I am currently reading Feynman's popular book on QED "the strange theory of light and matter". I know classical optics quite well, know about Fresnel, Brewster angle and the like.

I also am now used to the concept that QED sums up all the probability amplitudes of all possible propagation paths. And the little clocks are basically the complex phases of the photons. The higher the photon's frequency, the faster the clock ticks.

However I am wondering: if I want to calculate the propagation of light from point A to B which are let's say 1m apart. I now have to calculate all contributions of all possible paths. Even from A to Alpha Centauri back to B. This sounds pretty crazy. But is it correct?

How does reality determine this in a finite amount of time? Or is this simply the model of reality—it "just works" this way?

Also: for practical computations—would I limit the summing to a certain length of paths, if I were to numerically approximate a solution?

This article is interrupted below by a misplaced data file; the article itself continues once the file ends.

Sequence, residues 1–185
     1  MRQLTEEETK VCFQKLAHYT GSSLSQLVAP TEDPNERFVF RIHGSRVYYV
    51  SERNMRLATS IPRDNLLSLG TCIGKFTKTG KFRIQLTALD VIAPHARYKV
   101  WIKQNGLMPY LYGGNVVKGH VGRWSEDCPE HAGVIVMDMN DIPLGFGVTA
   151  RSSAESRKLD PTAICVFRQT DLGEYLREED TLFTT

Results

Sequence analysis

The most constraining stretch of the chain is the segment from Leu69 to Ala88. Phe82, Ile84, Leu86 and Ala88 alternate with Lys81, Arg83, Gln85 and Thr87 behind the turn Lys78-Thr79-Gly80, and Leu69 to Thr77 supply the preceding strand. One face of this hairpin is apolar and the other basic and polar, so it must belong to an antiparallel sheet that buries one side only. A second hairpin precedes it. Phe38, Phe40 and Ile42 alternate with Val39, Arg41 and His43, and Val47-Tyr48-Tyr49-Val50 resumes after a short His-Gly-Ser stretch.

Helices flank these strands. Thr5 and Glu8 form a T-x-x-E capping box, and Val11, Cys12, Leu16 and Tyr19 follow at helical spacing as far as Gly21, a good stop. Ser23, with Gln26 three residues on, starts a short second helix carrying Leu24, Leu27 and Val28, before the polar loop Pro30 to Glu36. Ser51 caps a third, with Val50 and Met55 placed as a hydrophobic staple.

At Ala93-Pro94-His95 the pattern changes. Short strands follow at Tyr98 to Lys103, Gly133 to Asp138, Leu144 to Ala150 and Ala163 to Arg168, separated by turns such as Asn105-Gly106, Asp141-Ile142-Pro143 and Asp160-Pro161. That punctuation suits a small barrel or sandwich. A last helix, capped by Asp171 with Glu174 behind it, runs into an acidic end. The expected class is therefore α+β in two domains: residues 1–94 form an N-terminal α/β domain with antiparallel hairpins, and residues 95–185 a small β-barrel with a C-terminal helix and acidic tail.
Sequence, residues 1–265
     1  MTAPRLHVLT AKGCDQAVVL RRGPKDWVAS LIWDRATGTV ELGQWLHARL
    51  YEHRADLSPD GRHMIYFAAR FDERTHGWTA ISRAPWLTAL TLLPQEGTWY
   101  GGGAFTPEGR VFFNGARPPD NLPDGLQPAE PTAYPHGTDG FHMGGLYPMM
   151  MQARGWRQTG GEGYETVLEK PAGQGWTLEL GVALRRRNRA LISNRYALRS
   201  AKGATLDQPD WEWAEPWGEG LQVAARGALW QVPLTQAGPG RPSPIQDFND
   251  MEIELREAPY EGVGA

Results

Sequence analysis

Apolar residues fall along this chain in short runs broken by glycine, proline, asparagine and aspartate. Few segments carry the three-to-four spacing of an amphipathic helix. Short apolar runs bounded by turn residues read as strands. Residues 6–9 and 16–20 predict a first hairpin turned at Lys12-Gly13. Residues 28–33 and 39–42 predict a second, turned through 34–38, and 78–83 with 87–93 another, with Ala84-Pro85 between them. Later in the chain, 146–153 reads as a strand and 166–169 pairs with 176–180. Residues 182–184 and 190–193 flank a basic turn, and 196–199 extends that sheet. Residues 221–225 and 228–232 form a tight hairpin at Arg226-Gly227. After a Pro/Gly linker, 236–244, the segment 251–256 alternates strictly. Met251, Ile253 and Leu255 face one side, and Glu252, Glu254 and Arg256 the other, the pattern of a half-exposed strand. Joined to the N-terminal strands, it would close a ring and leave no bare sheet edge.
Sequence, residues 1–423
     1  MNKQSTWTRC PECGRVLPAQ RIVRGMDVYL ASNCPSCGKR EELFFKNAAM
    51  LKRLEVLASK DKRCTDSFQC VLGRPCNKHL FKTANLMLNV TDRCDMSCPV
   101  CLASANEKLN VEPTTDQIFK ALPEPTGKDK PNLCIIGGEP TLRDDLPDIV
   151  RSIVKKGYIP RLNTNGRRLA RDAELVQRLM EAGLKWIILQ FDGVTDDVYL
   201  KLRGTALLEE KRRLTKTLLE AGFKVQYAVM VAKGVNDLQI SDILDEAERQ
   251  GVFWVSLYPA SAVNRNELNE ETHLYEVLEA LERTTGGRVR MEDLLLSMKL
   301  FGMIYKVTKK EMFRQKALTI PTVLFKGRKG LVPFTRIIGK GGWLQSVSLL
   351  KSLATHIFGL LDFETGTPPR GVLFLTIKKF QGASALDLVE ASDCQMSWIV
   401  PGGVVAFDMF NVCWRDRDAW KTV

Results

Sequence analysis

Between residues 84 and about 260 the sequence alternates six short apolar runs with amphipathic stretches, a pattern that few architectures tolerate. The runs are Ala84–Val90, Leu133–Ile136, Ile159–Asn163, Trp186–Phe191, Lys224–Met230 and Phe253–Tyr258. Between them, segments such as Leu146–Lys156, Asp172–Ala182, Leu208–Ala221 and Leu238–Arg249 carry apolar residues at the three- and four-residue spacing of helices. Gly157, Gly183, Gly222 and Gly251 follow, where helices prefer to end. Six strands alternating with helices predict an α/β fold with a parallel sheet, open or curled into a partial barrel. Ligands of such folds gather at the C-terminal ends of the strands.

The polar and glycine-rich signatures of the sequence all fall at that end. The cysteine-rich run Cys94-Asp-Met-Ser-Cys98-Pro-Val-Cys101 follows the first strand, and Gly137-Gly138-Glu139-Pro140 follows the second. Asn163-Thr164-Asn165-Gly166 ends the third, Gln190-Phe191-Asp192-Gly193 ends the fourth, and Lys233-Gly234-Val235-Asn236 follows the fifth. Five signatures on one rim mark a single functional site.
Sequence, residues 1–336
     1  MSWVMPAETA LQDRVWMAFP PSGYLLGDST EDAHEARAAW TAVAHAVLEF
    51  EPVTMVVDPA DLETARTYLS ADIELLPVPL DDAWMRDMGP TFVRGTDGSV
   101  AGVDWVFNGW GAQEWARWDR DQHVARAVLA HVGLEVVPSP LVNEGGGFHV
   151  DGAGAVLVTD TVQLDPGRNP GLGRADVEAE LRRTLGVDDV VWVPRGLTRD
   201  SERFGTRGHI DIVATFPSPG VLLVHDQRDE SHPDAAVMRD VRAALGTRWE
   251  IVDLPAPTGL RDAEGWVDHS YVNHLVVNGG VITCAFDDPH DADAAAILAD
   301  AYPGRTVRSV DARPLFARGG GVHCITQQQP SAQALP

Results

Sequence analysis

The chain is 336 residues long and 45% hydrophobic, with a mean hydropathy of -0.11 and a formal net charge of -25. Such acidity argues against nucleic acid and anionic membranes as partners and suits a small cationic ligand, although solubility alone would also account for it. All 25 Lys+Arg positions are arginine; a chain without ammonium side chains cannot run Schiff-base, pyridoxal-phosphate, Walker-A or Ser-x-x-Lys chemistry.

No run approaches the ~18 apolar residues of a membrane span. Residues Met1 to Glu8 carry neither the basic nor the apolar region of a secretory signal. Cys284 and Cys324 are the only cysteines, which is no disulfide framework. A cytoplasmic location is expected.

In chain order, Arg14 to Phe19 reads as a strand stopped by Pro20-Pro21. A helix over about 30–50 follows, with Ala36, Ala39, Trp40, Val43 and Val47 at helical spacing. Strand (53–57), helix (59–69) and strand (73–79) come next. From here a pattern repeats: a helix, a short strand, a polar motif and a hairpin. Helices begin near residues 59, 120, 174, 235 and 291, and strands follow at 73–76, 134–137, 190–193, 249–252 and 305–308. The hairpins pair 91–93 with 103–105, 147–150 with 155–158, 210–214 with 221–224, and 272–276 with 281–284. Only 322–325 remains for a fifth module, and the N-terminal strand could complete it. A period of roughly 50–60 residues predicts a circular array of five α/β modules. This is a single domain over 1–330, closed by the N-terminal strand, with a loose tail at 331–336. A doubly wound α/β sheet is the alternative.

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    $\begingroup$ The "sum over all possible paths" is really the natural language version of what the path integral does. Asking what "reality" computes is not really a sensible question. Asking how we compute this in practice is too broad since that is a large part of what quantum field theory is about. $\endgroup$ – ACuriousMind Aug 21 '15 at 20:39
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    $\begingroup$ I'm under the impression that causality is still respected, meaning there is no contribution from point A to points outside of A's lightcone. However I don't recall seeing a proof of this. $\endgroup$ – adipy Aug 21 '15 at 20:43
  • $\begingroup$ It would be nice if either of you could formulate an answer. I think @ACuriousMind's answer helps with both the last question of me and also with the model aspect, and adipy's comment is also interesting, since it deals with the Alpha Centauri part. Maybe someone else with some kind of proof or reference could weigh in on this. $\endgroup$ – Arne Aug 22 '15 at 17:34

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